5.      Explain the weight break concept.


    The fact that lower volume rates (e.g., LTL rates) tend to be higher than higher volume rates (e.g., TL rates) leads to the weight break concept, that is, the shipment size that equates transportation charges for different rates and weight groups.  The weight break concept can be applied whenever rates differ by volume and there is a minimum weight specified for the higher volume classification.


    6.      Discuss how a transportation manager might take advantage of the trade-offs between price and service.


    The text provides two examples where monetary premiums were paid for meeting predetermined service standards and there can be monetary penalties for failure to achieve predetermined service standards.  For example, two-day delivery of product should be cheaper than next day delivery of product.  Price and service tradeoffs are limited only by the transportation manager’s creativity and ingenuity.


    7.      Why is the carrier selection process less straightforward than the modal selection process?


    There are several reasons why the carrier selection process is less straightforward than the modal selection process.  First, while there are only five modes, there are many different types of carriers and a plethora of individual carriers within individual modes.  Second, there is a lack of agreement as to the number of relevant factors that might be used in carrier selection; the number of carrier selection factors evaluated in academic research has ranged from less than 10 to over 150.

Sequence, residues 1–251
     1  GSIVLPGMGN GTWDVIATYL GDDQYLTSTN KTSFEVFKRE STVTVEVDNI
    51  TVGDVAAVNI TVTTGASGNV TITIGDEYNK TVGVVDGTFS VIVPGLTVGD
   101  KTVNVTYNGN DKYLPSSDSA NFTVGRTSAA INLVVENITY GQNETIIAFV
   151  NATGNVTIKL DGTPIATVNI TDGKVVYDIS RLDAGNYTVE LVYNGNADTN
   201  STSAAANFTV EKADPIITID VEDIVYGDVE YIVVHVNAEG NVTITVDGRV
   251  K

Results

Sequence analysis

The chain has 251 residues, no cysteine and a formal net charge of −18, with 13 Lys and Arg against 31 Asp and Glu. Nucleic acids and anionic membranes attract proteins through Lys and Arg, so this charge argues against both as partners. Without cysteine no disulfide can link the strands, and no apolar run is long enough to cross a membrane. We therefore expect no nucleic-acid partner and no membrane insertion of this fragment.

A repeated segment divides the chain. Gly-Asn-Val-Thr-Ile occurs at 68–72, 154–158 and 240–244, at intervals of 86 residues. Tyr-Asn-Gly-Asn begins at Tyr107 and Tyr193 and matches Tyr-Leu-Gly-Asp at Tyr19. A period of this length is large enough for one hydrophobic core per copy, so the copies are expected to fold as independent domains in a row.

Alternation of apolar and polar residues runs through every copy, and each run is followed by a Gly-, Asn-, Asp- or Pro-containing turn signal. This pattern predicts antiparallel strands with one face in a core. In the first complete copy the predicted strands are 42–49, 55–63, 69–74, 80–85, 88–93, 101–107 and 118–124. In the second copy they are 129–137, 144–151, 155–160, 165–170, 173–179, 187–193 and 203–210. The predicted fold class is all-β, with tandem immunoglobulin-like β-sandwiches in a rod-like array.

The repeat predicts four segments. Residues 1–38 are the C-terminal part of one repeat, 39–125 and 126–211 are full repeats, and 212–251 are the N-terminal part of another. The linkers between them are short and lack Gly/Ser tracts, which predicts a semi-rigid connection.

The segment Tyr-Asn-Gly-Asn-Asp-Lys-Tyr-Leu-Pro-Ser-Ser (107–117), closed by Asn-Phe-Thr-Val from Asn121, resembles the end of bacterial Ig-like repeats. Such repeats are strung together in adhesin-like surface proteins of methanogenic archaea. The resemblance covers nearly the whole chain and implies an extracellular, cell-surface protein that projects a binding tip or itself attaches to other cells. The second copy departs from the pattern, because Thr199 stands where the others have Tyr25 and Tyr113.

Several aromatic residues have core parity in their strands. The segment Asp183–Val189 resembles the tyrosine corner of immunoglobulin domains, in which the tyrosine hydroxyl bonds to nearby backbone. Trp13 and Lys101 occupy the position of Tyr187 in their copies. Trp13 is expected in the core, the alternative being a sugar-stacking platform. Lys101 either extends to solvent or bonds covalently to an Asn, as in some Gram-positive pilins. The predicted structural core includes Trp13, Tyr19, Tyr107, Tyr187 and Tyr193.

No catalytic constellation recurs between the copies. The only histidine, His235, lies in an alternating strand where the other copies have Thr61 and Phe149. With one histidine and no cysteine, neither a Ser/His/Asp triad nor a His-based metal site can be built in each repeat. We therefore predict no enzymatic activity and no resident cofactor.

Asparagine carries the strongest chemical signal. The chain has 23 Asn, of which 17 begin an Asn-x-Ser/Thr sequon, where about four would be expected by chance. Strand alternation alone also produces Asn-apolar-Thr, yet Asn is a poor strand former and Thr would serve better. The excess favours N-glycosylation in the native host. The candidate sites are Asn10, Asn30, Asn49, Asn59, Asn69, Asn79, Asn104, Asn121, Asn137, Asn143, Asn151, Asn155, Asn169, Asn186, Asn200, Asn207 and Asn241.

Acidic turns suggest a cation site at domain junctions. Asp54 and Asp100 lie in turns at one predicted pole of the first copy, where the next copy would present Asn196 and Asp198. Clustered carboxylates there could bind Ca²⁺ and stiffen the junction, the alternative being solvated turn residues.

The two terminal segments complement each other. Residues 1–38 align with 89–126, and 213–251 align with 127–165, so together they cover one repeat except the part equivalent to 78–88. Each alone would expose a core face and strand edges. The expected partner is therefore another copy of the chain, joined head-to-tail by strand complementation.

8.      Define what is meant by an amodal shipper and discuss the factors that have contributed to its growth.


    An amodal shipper refers to a transportation manager who purchases a prespecified level of transportation service (e.g., two-day delivery for a particular price) and is indifferent to the mode(s) and / or carriers used to provide the actual transportation service.  One reason for its growth is that non-asset based third-party logistics companies have the ability to develop multi-modal solutions to a client’s transportation problems.  Amodalism is also aided by companies such as UPS and FedEx that own companies that provide different types of transportation services (e.g., air, expedited, etc.).


    9.      The bill of lading is the single most important document in transportation.  Discuss some of the basic functions it performs.


    The bill of lading is the basic operating document in the transportation industry.  It functions as a delivery receipt when products are tendered to carriers.  The signed original bill of lading is the shipper’s legal proof that the carrier received the freight.  Furthermore, the bill of lading is a binding contract, specifying the duties and obligations of both the carrier and shipper.